KWOA encourages members of the Kentucky Woodland Community to contact their legislators in support of HJR 60, a joint resolution that would direct the Department of Revenue and the University of Kentucky's Forestry and Natural Resources Department to recommend equitable property tax assessment procedures for well-managed forests. Official wording for HJFR 60 is shown below. This resolution reflects the ongoing work of KWOA to advance the sustainability and fair tax treatment of private non-commercial forests. Full wording of HJR 60 is shown below posted on 2/11/2021. Also see the 1/28/21 posting for history and background regarding the resolution.
Please consider taking action now by calling the toll-free message line is 1-800-372-7181, to leave a messages for a legislators as follows:
You can track action on HJR 60 here: https://apps.legislature.ky.gov/record/21rs/hjr60.html
Official Wording for Proposed House Joint Resolution HJR 60
A JOINT RESOLUTION directing the Department of Revenue and the University of Kentucky's Forestry and Natural Resources Department to recommend equitable property tax assessment procedures for well-managed forests.
WHEREAS, well-managed, family-owned, non-industrial forests are central to providing the raw material that fuels the $13 billion in economic contributions from the forest industry sector annually, and
WHEREAS, incentivizing family forest owners, who own the majority of the forestlands in Kentucky, to conduct sound forest practices wiell help sustain the socio-economic benefits that forest resources provide to Kentucky; and
WHEREAS, pursuant to House Concurrent Resolution 13 of the 2002 Regular Session of the General Assembly, the Legislative Research Commission issued Research Report No. 307, which identified tax and related policies that had the effect of incentivizing or disincentivizing good forest management practices in the Commonwealth; and
WHEREAS, the examination of property tax issues impacting forest management practices in Research Report No. 307 produced conflicting views on how to equitably and constitutionally assess property taxes on well-managed forestlands; and
WHEREAS, this lack of agreement and failure to act upon the report's most important findings resulted in continued poor forest management of many forestlands in the Commonwealth and the potential unconstitutional taxation of forestland where sound forest management practices were being implemented; and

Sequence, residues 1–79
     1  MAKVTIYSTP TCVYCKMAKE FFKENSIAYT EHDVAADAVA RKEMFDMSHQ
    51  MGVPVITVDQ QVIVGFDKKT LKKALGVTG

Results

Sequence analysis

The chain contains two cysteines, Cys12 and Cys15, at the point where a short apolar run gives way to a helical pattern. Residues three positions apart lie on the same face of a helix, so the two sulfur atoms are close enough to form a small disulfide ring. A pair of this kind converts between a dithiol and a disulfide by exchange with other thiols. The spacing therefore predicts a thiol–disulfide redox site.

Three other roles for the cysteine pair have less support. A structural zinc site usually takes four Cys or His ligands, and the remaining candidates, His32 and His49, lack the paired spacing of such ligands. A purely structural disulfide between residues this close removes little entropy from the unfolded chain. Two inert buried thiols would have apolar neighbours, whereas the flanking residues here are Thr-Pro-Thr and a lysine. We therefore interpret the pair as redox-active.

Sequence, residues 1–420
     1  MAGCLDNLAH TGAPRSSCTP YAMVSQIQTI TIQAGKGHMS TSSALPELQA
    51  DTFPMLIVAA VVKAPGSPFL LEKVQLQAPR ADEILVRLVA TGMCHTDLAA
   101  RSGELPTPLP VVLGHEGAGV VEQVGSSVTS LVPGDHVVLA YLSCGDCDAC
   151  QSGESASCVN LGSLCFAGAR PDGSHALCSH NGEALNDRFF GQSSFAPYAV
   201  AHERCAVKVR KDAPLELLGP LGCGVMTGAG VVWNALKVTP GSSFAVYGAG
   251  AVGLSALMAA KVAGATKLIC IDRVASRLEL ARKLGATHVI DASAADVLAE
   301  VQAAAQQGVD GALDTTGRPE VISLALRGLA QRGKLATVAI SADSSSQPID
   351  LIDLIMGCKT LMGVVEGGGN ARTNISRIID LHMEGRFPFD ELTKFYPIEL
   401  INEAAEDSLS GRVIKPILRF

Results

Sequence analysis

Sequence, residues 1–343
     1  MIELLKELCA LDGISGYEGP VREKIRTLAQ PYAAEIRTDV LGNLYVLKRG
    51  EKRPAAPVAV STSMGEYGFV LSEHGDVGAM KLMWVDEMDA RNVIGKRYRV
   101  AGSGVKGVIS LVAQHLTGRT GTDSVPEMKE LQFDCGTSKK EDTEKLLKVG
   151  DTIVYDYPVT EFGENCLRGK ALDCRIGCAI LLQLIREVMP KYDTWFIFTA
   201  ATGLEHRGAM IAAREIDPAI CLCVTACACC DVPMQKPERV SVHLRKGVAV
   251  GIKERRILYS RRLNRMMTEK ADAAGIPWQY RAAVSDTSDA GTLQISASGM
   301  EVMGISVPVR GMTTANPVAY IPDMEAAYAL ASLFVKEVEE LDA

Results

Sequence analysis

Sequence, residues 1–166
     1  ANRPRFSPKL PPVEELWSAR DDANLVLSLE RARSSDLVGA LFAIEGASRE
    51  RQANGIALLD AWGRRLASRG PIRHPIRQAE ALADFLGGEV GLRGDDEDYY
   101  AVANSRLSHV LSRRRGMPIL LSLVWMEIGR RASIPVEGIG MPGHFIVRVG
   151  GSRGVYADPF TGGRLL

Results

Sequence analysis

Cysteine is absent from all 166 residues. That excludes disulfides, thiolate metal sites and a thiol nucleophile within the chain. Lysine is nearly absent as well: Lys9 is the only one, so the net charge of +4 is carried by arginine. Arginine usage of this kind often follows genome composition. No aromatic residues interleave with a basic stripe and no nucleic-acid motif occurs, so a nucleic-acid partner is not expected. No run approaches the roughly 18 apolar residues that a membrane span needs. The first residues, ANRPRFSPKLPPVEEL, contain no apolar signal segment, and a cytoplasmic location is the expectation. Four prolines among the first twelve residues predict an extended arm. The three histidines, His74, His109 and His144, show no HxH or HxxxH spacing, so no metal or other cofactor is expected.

WHEREAS, significant developments have occurred since the issuance of Research Report No. 307 that would be helpful in finding the best policies for improving the productivity of Kentucky's forests, including the availability of a nationally-recognized standard that could be used by property valuation administrators to define well-managed forests;
NOW, THEREFORE, Be it resolved by the General Assembly of the Commonwealth of Kentucky:
Section 11. The Department of Revenue and the University of Kentucky's Forestry and Natural Resources Department shall coordinate together to submit a report to the Legislative Research Commission no later than December 1, 2021, detailing their recommendations for establishing property tax assessment procedures for well-managed forests that ensure equitable taxation of these lands and encourage sound forest management practices that will promote the sustainability of Kentucky’s forests and maximize the socio-economic benefits derived from them.
The U.S. Department of Agriculture is making $12 million available to forest landowners with land enrolled in the Conservation Reserve Program. Landowners and agricultural producers with active CRP contracts involving forest cover can now sign up for the Forest Management Incentive (FMI), which provides financial incentives to encourage healthy forest management practices.
The incentive payment is the lower of:
Carbon Credits: Carbon credit programs have been around for a long time, but currently are not economically feasible for owners with less than a few thousand acres or so. KWOA director, Jimmie Sizemore reported on two programs that promise to provide benefits for smaller woodland owners: